As the cost of living surges all over the world, governments aren't leaving the job of containing inflation to their central banks. They're responding in other ways too.
There's a long history of other policies aimed at tamping down prices. Many of them -– along with some new ones –- are being wheeled out again now, from US President Joe Biden's supply-chain task force and Europe's energy subsidies to Argentina's across-the-board controls.
Two bedrock rules of orthodox economics in recent decades have been that prices should be set on free markets, and that managing inflation is a job for monetary policy. But this year's pandemic price pressures -- following record stimulus by governments and central banks that's propped up demand all over the world -- are clouding the issue.
For one thing, it's not clear how raising borrowing costs –- as many countries are already doing -- can address causes of pandemic inflation on the supply side of economies, like shipping backlogs or shortages of materials and labour.
For another, from politicians' point of view, the timing is off. Economists generally reckon it takes a minimum of six months for tighter monetary policy to take effect by curbing demand. So even if the Federal Reserve, say, raises interest rates in late 2022 –- with an impact felt sometime in 2023 -– that doesn't relieve pressure on politicians like Biden to do something sooner. Polls from the US to the UK have shown voters are getting worried about soaring prices.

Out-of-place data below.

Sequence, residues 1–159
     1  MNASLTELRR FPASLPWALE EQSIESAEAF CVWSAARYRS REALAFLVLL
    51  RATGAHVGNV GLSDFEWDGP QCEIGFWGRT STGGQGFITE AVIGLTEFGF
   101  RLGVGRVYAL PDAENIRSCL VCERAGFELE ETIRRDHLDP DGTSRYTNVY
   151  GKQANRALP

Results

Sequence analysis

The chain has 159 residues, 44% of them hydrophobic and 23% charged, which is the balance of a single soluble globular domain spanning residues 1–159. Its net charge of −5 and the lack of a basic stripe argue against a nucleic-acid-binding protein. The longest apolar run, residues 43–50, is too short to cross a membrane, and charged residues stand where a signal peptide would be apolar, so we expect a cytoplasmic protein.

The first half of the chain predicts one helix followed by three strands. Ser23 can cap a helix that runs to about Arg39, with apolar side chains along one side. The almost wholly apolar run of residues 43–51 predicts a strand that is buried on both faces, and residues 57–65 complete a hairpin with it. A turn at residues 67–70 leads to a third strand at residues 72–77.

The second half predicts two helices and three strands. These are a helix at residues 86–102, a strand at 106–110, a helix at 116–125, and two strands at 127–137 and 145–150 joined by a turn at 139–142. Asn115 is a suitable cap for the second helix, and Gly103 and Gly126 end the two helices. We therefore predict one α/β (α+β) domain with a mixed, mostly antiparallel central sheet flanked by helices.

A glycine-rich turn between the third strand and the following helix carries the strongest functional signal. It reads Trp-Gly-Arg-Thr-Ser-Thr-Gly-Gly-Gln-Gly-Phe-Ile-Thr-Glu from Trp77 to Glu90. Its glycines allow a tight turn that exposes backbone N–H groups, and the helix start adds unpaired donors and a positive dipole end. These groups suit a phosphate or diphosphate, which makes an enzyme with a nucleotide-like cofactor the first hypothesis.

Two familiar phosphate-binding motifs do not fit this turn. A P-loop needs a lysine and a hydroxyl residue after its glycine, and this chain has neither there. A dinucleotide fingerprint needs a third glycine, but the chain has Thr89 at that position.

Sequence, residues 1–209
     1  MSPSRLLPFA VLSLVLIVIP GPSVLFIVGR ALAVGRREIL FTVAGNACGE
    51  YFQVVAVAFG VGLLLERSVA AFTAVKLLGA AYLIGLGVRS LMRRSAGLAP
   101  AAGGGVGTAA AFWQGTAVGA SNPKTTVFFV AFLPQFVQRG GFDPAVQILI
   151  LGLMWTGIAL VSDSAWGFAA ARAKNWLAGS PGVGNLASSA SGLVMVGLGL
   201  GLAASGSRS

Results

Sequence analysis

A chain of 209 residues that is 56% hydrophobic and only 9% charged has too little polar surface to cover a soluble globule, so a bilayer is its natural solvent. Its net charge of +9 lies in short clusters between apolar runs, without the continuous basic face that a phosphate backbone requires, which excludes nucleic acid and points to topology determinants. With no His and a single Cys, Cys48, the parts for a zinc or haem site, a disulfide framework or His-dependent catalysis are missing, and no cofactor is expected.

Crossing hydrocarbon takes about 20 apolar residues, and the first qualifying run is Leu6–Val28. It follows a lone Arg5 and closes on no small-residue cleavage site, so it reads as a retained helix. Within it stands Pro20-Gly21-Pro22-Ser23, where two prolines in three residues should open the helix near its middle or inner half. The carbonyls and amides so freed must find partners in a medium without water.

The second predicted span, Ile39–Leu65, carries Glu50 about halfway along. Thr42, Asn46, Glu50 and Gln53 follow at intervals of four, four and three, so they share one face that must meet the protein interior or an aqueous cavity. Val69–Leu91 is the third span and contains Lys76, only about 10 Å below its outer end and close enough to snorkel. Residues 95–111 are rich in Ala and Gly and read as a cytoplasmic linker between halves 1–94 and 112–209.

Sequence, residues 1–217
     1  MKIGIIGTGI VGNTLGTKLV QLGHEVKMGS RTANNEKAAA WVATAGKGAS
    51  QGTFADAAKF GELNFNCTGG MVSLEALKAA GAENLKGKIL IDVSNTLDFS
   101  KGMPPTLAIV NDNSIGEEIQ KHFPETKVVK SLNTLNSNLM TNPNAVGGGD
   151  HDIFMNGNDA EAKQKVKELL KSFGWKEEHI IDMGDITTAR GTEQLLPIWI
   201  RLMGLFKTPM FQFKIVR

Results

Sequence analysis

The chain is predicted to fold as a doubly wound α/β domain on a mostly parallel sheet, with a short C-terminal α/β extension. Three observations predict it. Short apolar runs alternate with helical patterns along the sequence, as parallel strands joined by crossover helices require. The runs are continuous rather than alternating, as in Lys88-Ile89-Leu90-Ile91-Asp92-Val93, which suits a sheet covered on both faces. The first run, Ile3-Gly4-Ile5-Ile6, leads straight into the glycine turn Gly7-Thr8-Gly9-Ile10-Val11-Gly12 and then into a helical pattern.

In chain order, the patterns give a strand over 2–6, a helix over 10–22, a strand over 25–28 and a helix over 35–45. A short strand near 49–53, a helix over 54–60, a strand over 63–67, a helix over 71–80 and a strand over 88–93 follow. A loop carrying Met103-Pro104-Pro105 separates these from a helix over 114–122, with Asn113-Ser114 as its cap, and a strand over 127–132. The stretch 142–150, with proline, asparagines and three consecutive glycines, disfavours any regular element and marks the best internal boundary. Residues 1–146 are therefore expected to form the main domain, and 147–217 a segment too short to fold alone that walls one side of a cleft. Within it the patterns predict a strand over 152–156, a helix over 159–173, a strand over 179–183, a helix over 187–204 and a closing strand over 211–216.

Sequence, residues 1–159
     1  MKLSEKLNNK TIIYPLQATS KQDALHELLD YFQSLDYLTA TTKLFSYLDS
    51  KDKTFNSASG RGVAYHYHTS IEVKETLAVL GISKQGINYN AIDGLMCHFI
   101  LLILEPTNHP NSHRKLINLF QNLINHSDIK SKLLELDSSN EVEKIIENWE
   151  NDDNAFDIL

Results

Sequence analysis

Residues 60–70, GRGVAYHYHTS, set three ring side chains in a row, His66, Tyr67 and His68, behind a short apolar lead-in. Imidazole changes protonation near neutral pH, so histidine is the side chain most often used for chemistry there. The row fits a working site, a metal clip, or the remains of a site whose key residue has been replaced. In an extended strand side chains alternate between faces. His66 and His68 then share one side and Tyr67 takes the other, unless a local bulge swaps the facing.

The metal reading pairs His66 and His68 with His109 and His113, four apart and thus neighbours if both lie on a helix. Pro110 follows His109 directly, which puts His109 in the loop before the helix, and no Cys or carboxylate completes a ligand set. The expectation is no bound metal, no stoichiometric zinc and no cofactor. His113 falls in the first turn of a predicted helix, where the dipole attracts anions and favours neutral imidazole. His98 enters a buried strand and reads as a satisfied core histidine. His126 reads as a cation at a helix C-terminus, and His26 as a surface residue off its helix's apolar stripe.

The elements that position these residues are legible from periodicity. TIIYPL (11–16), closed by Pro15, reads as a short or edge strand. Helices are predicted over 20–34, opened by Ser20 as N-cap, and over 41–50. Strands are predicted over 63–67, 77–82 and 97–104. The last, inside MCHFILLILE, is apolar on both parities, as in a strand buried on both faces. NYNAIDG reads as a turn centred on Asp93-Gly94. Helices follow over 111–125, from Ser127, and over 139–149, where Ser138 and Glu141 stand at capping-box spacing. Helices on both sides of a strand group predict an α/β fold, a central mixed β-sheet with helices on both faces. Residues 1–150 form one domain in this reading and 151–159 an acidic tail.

More broadly, the pandemic has revived debate about the role of governments in the economy -- and inflation is part of that argument. The prevailing view has been that leaving markets alone is the most efficient way to deliver cheap stuff. But this year's supply-chain crisis has raised questions about whether the quest for efficiency and low prices has come at the expense of stability – or even national security.
Soaring energy prices are one of the biggest components of pandemic inflation, and governments are stepping in to cushion the blow. The issue is likely to feature prominently at this weekend's meeting of Group of 20 leaders.
France plans a one-time, 100-euro subsidy for low earners. Spain has promised action to cap household bills and is levying a windfall tax on some energy providers, though it backed away from imposing a wider charge. Kenya is using a stabilisation fund to lower pump prices –- and also reducing the gasoline tax that collects money for the fund.
Subsidies like these aren't viewed by economists as anti-inflationary –- they don't curb costs, they just share them out differently. But they do blunt the immediate rise in living expenses, which is what inflation amounts to for most non-economists.
In Latin America, one price that's particularly sensitive for politicians is liquefied petroleum gas, because canisters of it are used for cooking, especially by poorer households.
Mexican President Andres Manuel Lopez Obrador is setting up a state-owned distribution company that will sell the fuel "at a fair price," and his government-imposed price caps in some regions. Brazil's Senate approved a subsidy program to help some 11 million families buy cooking gas, partly funded by dividends received from state oil giant Petrobras.